White cloud mountain minnows
Hillstream loach

I am always a bit wary of natural habitat temperature info. I suspect many of these species are pretty far removed from wild species and have been bred for generations in warmer water but should be ok.
 

mort

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I am always a bit wary of natural habitat temperature info. I suspect many of these species are pretty far removed from wild species and have been bred for generations in warmer water but should be ok.
For heavily bred commercial strains you might be right but I don't think their lack of hardiness in mainly due to being kept to cold. I'm not sure how many generations it takes to reduce temperature tolerance but I'd wager the average fish doesn't suffer from this unless it's been heavily modified by inbreeding. Lots of commercial fish are bred in areas with natural seasonal water temperature changes and after watching a few vid of commercial farms I was very surprised by just how cold the water got (they had clown loaches seemingly happy in 16-18c water for part of the year). I've also seen white cloud mountain minnows that overwintered with ice on the ponds no problem, even though they have been heavily bred, and seriously fish states captive fish tolerate cooler water than some wild caught fish.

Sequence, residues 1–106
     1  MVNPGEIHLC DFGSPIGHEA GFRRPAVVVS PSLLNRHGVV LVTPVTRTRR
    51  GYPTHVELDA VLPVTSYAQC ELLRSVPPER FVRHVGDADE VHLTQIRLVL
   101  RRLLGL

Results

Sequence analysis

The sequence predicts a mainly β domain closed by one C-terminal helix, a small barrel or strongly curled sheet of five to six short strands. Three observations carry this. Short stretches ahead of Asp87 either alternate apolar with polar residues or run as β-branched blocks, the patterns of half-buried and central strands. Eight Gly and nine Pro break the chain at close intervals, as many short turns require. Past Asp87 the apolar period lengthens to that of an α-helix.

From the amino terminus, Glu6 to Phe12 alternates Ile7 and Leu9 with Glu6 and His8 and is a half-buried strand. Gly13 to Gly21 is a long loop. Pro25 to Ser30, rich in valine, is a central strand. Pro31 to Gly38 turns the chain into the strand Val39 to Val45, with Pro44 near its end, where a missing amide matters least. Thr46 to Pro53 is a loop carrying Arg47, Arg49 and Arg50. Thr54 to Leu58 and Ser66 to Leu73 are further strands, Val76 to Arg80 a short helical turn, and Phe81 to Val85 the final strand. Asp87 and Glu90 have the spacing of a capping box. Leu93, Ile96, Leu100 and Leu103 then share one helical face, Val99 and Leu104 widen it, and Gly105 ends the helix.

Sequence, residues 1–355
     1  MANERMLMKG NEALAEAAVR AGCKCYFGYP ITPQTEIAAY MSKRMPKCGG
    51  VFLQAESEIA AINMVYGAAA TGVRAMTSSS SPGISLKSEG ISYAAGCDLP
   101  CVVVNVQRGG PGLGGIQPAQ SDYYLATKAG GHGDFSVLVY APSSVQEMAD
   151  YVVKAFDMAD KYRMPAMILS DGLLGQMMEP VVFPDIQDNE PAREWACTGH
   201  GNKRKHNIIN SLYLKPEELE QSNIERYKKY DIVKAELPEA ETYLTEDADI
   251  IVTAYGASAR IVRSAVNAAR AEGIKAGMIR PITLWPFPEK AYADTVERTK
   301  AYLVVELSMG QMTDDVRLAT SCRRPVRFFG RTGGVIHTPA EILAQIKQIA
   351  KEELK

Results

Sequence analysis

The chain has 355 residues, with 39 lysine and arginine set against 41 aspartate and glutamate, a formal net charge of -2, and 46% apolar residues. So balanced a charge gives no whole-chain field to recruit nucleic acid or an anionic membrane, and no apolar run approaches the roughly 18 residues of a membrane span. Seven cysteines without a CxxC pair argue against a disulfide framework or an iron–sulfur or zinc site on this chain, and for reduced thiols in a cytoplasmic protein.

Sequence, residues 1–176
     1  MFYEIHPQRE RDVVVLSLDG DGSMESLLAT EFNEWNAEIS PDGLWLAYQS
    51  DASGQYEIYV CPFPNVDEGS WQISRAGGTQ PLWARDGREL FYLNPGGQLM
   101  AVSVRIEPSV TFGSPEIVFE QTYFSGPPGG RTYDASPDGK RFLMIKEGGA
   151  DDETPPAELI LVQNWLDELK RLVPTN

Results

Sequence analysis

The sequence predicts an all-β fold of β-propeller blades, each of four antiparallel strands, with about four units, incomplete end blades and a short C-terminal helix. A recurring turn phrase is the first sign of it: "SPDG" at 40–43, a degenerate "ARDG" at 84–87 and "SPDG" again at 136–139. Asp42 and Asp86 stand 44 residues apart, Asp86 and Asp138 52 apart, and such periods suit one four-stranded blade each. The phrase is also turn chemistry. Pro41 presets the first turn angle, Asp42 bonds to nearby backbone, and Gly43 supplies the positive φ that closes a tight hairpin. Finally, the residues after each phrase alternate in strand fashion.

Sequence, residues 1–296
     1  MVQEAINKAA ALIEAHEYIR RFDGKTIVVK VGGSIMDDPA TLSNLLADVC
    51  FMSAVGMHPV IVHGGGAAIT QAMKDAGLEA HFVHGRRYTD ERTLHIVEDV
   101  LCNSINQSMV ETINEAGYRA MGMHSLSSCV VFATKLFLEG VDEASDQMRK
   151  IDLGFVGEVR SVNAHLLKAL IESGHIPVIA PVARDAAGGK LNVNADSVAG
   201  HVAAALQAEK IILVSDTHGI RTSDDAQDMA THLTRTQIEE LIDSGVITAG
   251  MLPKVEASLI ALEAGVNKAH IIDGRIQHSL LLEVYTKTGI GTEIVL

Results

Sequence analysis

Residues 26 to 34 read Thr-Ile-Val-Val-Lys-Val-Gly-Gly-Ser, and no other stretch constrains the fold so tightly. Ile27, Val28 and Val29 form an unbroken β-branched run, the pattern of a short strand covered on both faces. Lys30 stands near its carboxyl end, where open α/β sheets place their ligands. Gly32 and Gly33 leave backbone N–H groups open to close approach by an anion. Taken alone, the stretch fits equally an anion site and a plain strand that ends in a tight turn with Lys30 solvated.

I do completely agree you should be careful choosing which species you try.
 

jameson_uk

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I do completely agree you should be careful choosing which species you try.
Indeed, this was just being wary. As per the PFK article above I suspect many stores keep fish in near tropical conditions and you might need to help them adjust back towards the values they see in the wild. No idea on genetics but I always kind of assumed that if they are bred, sold and kept at fairly static temperatures then it would be their ability to deal with temperature swings that would go before they changed what temperatures they would be happy with (probably complete rubbish as I have nothinf on which to base this but would be interested if anyone actually has any scientific info)